Ambrose Bierce was one of nineteenth-century America’s most renowned satirists. The author of short stories, essays, fables, poems, and sketches, he was a popular columnist and wrote for several San Francisco and London newspapers during his forty-year journalism career.
Bierce’s witty, sardonic definitions in The Devil’s Dictionary were originally published in The Wasp, a weekly journal he edited in San Francisco from 1881 to 1886. As a compiled collection, these caustic aphorisms first appeared as The Cynic’s Word Book in 1906, and was reissued in 1911 under the author’s preferred title of The Devil’s Dictionary.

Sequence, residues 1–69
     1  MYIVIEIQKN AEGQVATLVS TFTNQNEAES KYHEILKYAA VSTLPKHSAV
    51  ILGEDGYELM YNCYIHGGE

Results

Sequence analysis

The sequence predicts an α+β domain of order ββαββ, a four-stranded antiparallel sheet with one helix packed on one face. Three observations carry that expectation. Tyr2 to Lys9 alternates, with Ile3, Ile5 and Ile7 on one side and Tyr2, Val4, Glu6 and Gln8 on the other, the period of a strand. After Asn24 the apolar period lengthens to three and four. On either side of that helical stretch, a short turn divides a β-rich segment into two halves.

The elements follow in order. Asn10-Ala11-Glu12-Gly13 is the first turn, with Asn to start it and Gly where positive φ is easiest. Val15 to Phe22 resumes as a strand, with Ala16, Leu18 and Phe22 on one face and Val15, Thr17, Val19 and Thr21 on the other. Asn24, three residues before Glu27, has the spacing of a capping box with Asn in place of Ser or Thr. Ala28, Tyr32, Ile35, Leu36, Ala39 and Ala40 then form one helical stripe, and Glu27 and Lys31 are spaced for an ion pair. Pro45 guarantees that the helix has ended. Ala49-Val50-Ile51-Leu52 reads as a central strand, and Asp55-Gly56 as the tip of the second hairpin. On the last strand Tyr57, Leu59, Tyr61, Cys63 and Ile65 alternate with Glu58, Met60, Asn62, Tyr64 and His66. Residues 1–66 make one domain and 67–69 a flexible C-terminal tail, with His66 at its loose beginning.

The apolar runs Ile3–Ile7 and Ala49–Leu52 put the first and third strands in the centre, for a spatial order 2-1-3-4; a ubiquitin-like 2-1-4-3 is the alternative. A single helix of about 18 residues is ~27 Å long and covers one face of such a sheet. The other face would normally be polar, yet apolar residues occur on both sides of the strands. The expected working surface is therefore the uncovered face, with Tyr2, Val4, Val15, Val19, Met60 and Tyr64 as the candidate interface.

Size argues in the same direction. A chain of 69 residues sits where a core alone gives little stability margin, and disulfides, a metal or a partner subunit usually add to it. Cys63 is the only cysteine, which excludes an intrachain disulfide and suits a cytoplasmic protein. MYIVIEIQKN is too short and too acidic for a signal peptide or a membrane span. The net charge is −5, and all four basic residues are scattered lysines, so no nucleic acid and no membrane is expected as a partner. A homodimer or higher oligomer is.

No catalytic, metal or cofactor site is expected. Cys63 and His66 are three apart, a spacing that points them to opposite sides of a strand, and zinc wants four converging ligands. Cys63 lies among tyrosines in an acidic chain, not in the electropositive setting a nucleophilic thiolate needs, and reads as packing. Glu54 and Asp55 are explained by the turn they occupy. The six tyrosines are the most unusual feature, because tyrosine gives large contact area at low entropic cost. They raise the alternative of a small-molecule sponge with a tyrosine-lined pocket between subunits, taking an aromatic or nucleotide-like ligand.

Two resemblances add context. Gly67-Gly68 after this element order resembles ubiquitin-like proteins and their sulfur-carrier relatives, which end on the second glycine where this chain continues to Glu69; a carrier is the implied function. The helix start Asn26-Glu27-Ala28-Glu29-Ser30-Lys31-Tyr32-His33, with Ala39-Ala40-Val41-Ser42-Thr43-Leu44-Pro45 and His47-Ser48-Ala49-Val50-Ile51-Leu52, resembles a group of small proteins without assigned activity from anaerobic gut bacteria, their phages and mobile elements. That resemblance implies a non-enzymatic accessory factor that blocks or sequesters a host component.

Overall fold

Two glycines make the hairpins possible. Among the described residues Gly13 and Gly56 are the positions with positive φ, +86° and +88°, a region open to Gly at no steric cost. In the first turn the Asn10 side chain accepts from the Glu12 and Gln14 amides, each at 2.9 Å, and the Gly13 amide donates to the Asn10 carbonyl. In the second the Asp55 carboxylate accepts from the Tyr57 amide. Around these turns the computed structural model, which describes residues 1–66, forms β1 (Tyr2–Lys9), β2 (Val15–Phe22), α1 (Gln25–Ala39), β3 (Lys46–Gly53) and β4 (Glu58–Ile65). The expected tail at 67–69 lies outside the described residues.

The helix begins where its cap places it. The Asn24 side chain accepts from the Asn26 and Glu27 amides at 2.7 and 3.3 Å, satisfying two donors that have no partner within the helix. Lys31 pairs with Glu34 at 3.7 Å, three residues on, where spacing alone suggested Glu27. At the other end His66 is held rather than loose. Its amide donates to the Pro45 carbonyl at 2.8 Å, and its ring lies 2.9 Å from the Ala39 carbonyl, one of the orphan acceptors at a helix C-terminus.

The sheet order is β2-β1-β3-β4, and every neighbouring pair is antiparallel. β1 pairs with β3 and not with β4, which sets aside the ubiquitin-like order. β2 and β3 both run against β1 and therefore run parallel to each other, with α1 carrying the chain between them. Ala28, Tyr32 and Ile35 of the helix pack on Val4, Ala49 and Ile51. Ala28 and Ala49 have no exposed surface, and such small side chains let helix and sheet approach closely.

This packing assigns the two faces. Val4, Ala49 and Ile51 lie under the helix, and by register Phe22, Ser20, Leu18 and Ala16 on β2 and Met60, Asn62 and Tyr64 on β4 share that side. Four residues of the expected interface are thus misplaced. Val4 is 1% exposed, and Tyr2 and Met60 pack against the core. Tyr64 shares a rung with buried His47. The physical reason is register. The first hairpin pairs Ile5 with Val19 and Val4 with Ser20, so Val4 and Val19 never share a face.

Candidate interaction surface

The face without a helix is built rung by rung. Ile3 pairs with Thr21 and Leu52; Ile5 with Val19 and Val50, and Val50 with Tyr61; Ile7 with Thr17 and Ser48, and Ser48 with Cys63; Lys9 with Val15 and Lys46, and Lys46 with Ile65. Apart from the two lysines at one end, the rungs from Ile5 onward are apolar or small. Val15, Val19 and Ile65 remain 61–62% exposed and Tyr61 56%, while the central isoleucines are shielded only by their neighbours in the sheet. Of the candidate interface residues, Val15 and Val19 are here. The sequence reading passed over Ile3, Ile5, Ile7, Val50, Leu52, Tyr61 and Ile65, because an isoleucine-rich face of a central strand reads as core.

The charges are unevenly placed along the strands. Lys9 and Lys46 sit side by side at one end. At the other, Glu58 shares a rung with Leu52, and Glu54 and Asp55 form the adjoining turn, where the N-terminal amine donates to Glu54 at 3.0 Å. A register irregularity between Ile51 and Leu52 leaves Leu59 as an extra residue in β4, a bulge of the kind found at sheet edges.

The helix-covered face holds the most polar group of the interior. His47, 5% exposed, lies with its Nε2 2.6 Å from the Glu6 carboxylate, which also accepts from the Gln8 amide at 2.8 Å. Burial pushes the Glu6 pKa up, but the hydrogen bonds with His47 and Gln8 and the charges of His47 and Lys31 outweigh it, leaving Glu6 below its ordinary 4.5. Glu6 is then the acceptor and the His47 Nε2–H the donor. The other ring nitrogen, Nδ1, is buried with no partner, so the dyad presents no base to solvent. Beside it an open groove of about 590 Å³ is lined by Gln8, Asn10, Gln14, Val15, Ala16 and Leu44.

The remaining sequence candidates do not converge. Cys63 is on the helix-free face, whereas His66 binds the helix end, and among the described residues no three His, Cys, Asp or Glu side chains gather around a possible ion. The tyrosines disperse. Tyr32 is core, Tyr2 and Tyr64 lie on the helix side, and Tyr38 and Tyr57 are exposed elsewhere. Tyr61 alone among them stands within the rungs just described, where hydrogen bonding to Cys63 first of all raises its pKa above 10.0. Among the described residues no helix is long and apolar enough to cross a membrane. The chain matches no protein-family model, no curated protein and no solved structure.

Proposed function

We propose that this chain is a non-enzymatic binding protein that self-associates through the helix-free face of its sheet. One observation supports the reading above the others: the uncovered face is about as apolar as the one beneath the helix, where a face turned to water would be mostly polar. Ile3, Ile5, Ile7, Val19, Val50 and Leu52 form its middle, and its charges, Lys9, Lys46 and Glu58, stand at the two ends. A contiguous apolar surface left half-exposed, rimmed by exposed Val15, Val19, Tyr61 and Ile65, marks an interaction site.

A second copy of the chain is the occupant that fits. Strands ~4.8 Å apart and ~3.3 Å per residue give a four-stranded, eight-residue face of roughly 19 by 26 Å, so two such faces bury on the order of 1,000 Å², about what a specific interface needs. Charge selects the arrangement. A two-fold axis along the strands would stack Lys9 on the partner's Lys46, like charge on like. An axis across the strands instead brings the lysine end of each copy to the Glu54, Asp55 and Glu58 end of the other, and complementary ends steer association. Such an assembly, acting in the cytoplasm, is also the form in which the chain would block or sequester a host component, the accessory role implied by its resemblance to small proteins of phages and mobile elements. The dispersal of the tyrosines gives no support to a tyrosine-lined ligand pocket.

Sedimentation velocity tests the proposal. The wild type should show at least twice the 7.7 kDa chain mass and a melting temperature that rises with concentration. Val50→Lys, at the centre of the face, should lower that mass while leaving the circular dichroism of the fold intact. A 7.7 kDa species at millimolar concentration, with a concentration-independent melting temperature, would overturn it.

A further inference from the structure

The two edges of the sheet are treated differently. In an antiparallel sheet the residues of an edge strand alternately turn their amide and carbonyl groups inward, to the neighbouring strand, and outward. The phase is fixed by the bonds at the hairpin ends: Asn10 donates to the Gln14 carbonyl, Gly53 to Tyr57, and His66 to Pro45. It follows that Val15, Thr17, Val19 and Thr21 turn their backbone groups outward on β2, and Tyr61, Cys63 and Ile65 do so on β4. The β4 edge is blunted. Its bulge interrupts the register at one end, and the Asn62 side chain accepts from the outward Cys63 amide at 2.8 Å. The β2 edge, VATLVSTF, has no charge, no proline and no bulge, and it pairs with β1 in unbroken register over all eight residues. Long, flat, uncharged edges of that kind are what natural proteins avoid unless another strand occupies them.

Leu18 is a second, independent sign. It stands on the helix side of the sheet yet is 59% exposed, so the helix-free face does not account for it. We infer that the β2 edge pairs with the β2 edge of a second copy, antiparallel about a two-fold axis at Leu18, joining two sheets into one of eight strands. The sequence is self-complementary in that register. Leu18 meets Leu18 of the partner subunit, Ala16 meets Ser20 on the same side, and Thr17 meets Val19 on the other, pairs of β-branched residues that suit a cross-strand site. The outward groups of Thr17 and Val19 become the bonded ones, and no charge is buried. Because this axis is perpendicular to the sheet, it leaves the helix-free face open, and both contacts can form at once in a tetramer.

Initial reception of the book versions was mixed. In the decades following, however, the stature of The Devil’s Dictionary grew. It has been widely quoted, frequently translated, and often imitated, earning a global reputation. In the 1970s, The Devil’s Dictionary was named as one of “The 100 Greatest Masterpieces of American Literature” by the American Revolution Bicentennial Administration. It has been called “howlingly funny”, and Wall Street Journalcolumnist Jason Zweig wrote that The Devil’s Dictionary is “probably the most brilliant work of satire written in America. And maybe one of the greatest in all of world literature.”
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